6 What Books To Read
At school, kids will be mandated to read certain books, and will be limited to what’s available in the school library for free reading time. But when it comes to what books make up their library at home, and what they decide to read at home, let them try out a few different types and series and pick what they like.
Maybe they are into series like Harry Potter, or much prefer Nancy Drew. Whatever the case, the fact that the kids are reading leisurely at all is the important thing. So as long as the book is age appropriate, let them choose what they want to immerse themselves in beyond educational requirements.
5 Where To Sit At the Dinner Table
You have a head of the table spot where a parent likely sits, as well as other seats for the kids and guests. Maybe you have a usual set-up where everyone sits in the same spot. Or maybe you switch things up if one parent works late a few nights a week, or one child has dinner at their friend’s house.
In any case, consider letting the kids decide where they want to sit and when, as long as they don’t fight about it.
4 What To Pack In Their Lunches
Ask kids get older, they can play a bigger role in deciding what items are packed in their lunches. They know they need to cover the major food groups, but you can let them choose which fruit they want pack each day, what vegetables, if they want a mini muffin or granola bar, what deli meats to put in their sandwich and with what toppings, and what side dish they feel like, whether it’s yogurt, a cheese stick, or chips and dip.
Make this easy by keeping a section of the pantry and fridge stocked with school lunch items so the kids can grab and go each morning and take what they want.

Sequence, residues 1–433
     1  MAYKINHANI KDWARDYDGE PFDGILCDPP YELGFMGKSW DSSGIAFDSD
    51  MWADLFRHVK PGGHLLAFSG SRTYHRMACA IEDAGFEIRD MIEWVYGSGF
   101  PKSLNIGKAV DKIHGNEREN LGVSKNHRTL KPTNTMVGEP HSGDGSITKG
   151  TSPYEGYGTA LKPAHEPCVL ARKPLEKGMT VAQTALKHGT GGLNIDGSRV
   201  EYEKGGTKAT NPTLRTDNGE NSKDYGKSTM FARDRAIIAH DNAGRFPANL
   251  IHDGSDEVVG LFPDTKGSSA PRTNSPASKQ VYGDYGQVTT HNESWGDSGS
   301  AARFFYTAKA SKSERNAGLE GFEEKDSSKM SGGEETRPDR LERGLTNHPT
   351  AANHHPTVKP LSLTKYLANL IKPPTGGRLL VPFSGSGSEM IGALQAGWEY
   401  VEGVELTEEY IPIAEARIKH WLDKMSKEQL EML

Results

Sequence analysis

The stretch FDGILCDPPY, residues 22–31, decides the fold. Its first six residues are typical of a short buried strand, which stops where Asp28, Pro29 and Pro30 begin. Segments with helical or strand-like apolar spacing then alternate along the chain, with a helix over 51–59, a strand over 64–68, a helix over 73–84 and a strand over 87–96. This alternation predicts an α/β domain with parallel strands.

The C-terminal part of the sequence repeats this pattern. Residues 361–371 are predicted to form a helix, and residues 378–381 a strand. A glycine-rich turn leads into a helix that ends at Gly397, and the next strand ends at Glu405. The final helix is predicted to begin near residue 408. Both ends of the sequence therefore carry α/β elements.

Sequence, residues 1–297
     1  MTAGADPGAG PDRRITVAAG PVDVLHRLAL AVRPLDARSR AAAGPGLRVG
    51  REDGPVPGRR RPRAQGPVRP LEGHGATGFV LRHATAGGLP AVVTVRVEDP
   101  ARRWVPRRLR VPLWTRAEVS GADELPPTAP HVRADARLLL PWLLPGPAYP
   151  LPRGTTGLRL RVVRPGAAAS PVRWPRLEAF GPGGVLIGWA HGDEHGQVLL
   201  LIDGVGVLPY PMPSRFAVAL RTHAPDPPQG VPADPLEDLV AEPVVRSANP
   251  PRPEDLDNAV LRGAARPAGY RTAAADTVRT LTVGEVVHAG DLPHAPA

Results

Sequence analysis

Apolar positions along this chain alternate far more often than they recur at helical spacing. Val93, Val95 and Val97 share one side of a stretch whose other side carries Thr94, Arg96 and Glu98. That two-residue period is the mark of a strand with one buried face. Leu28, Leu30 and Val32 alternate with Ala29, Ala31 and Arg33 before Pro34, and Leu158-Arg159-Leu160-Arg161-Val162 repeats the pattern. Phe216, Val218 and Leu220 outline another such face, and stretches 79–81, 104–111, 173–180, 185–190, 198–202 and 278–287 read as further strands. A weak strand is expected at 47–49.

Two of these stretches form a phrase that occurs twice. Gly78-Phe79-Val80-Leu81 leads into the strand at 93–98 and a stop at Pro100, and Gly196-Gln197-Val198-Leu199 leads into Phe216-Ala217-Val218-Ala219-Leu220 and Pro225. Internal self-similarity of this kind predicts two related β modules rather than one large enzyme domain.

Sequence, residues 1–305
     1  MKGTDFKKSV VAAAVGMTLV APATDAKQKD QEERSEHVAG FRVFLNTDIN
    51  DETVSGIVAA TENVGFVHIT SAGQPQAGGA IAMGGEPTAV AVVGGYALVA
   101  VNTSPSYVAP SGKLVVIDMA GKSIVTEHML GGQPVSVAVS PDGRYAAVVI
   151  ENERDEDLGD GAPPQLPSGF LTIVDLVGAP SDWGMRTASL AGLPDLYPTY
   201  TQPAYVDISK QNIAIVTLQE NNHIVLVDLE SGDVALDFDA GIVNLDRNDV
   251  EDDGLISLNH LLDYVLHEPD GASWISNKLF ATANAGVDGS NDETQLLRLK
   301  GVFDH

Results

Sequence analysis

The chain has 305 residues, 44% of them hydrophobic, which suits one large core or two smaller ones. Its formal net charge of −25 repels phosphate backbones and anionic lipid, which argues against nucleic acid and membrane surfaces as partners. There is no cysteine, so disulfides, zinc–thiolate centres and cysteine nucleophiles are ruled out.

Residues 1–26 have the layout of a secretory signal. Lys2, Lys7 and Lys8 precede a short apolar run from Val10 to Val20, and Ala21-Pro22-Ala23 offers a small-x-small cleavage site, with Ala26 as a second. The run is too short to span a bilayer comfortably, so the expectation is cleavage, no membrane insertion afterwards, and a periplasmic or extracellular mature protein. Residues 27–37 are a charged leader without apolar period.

3 What To Order At a Restaurant
You might have to weigh in if your child wants to order something you know they likely won’t eat. You are the one paying for it, after all. But among choices on the kids menu, or items you know they like, let them pick what they want. And let them order it for themselves, too.
Going out to eat is usually a treat for families, and while you might want to go all out and order something you wouldn’t make at home, like trout or lamb, maybe the kids simply wants to stick to a grilled cheese or chicken nuggets. And that’s OK. As long as they eat it, they should be able to pick what they want for the special day or night out, too.
2 How To Decorate Their Room
Kids like to express themselves and their personalities, and when it comes to the home, the one place they can do so is in their bedroom. This means they might want to cover the walls with posters of favourite actors, superhero characters, models, or sports idols, and put special things on display, like trophies, dolls, or building toys.
They might want to choose a paint color, which could offer a fun opportunity to bond with your child if you decide to paint the room together. Either way, as long as the photos or imagery isn’t inappropriate, let them decorate as they wish to make the room feel like their own.
1 When To Talk About Personal Issues
It might be tempting to push your child to talk to you, especially if you sense something is wrong. But let your child decide when they want to do this. Let them know that you are there for them for anything, won’t judge, and will simply listen. And trust that they’ll come to you when they’re ready.
Letting them decide this on their own means they will come to you when they are comfortable. It might take some patience on your part, but the end result might be worth it.